Budgeting for Brand gTLDs
For most companies, the gTLD was an investment in the future of the internet in response to a short time window in which to apply for a gTLD. Wanting to gain a competitive edge, half the world’s top brands invested the $185,000 application fee for one or more gTLDs. Now that gTLDs are moving forward and more money will need to be invested to actually develop the gTLD as platform, whose budget should cover the costs? In many companies the initial application fee came out of a slush fund or extra fund for these types of unexpected opportunity costs. In others, it came out of legal, IT or marketing. As the gTLD moves forward and development costs begin, however, it is helpful for companies to consider how to structure the gTLD in the budget as a capital asset.
The gTLD is an intangible asset. It’s much more than a domain name, it’s a technology platform. So the gTLD can be structured much like acquiring enterprise software, a patent, or other intangible capital assets. As a capital asset, it can be amortized over the life of the asset, providing financial benefits to the company. General rules of thumb in accounting provide for an intangible asset to be amortized over fifteen years so it’s safe to say that could be used as a benchmark for amortizing the gTLD costs rather than just assigning a line item budget for it. But, what is included in the amortized amount – how is it valued? Consider how the asset is acquired and developed to create an acquisition and development basis in the gTLD.
First, there were the acquisition costs. This would include the filing fee and consulting or legal fees needed to get through the ICANN process. For some, it could include an auction, which could be substantial.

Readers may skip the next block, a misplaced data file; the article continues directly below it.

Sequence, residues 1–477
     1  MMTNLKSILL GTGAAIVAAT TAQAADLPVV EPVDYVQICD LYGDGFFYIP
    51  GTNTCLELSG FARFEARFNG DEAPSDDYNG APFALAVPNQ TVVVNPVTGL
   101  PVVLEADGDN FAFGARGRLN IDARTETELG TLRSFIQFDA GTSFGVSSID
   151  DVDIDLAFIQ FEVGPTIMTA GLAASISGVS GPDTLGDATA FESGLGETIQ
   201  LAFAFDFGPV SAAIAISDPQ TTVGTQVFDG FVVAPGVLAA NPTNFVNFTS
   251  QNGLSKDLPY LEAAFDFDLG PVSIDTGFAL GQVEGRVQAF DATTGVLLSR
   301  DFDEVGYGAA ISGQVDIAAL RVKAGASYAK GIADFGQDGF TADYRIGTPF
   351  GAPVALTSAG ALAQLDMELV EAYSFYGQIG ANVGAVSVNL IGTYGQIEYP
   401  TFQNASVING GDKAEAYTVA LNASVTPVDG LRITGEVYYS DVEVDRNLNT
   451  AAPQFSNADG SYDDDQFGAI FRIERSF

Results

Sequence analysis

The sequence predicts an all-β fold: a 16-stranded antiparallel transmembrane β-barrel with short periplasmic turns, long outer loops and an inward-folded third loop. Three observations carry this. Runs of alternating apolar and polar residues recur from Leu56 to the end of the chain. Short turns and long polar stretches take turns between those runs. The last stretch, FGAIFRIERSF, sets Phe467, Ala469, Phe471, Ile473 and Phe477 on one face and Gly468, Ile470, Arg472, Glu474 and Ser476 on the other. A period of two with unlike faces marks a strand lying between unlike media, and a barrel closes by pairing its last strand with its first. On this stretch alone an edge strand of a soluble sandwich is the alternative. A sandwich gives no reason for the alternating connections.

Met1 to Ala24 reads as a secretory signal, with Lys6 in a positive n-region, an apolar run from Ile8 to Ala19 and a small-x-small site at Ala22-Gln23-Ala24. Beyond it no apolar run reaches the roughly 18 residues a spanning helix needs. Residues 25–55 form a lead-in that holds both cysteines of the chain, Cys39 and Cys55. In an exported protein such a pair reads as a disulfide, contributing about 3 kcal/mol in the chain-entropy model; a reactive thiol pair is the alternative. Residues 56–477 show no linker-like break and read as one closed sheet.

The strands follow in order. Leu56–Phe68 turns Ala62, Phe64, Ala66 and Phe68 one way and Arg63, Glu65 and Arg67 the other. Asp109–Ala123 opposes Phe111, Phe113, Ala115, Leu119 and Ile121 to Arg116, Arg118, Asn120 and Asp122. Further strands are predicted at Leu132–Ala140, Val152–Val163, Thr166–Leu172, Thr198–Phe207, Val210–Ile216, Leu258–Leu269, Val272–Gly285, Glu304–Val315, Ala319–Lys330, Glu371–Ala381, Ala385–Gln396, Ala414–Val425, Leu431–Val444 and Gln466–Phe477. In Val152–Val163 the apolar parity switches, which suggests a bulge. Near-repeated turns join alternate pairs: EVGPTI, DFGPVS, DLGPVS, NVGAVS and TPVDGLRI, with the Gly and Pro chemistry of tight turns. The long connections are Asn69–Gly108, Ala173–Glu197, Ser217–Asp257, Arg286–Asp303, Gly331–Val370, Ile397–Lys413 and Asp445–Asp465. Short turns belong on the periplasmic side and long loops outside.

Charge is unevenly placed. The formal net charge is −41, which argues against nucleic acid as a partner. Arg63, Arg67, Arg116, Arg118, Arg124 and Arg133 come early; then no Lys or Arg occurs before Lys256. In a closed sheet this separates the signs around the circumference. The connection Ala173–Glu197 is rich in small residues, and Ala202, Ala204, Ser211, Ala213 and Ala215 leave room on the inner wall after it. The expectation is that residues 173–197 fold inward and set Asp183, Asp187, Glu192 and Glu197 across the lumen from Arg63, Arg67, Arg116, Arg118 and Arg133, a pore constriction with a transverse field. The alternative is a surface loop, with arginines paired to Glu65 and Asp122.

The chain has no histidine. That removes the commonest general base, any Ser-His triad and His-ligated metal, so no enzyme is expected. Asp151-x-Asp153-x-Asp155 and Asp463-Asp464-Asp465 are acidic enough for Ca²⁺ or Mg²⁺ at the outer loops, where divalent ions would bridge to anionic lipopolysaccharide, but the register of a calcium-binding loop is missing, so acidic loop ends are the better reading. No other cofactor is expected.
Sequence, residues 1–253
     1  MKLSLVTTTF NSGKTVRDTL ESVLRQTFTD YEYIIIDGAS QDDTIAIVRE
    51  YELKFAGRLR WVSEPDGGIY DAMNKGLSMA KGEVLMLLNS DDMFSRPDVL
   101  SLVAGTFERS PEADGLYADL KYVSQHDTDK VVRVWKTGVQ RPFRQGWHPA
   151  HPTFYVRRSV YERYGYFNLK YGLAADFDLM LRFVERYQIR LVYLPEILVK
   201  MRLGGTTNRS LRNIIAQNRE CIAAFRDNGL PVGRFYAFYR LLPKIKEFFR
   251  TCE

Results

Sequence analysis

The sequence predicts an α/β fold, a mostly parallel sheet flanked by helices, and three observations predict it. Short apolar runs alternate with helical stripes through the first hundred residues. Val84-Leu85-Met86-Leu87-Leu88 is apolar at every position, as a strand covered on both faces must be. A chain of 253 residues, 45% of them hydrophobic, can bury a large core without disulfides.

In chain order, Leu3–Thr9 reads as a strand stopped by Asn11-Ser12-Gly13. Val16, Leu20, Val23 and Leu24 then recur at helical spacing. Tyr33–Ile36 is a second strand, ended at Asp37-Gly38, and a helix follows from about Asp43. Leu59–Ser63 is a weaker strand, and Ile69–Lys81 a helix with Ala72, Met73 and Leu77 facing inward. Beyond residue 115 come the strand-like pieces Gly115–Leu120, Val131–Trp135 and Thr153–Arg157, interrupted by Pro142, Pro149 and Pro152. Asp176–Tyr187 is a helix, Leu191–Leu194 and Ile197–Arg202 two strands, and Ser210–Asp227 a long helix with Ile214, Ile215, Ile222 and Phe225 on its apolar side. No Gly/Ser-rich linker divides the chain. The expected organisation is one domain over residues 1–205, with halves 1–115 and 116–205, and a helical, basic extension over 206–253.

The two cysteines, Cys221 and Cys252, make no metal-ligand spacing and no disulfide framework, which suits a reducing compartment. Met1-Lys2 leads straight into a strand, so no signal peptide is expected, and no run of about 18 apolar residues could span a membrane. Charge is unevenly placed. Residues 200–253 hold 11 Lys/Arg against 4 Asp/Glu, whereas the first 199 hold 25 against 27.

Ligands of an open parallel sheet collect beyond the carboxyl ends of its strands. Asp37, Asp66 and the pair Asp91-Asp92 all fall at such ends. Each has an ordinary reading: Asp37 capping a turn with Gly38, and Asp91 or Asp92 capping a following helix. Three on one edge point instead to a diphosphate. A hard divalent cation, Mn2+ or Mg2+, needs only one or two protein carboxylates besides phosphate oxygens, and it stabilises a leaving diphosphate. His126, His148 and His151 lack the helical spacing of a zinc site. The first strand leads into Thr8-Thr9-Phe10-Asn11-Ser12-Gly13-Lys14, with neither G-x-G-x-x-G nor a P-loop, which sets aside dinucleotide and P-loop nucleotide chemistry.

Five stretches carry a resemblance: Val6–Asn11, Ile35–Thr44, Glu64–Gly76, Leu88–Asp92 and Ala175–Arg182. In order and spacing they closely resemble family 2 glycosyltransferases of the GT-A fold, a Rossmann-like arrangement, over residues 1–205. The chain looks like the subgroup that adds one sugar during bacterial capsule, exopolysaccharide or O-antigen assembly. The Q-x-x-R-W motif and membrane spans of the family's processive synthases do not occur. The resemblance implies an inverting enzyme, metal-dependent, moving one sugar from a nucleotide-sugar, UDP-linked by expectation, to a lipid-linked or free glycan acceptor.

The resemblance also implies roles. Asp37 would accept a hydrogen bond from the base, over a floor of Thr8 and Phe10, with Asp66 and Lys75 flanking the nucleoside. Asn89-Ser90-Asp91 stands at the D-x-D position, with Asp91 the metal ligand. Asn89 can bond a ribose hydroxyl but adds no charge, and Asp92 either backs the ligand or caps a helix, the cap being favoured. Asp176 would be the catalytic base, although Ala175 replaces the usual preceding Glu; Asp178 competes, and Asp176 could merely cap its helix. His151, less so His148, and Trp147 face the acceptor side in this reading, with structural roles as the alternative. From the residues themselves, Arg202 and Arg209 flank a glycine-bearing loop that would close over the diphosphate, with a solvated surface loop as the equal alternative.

Second, there are the operational costs. This will be what you have to pay to a registry, registrar, data escrow and to ICANN each year. This might be more traditional IT operating costs and come out of a budget annually for ongoing operations rather than as part of the amortized capital investment. For most brand gTLDs this will be around $125,000, possibly more depending upon how many subdomains are used.
Finally, there are the development costs. This will include significantly more in research and development to utilize the asset. Similar to other Research & Development costs, these can be contributed to the cost of the asset as part of the overall development and allow you to enhance the value of the gTLD as an asset.
By capitalizing this asset (inclusive of development costs) and amortizing over fifteen years, rather than finding a budget placeholder, it may allow for broader thinking about how to use the gTLD and certainly makes more fiscal sense than just pulling the money out of a slush fund. It may also facilitate more significant investment in developing the technology platform to its fullest potential, providing a key competitive edge in the digital marketplace.
Ultimately, the gTLD will have value as an asset, which could also boost the company’s balance sheet. Much like patents, trademarks, and the intangible value of the brand itself, intangibles contribute to the asset value of a company. In fact, more and more companies are tipping in favor of intangible assets over traditional assets. The gTLD becomes an important part of the company’s intangible asset base. Accordingly, the way it’s budgeted and amortized should be strategically considered for the long-term value of the asset.
As you look at budgeting for the gTLD, be sure to check with finance to ascertain if the acquisition and development costs can be amortized and how the budget and investment is structure is done correctly to maximize that value.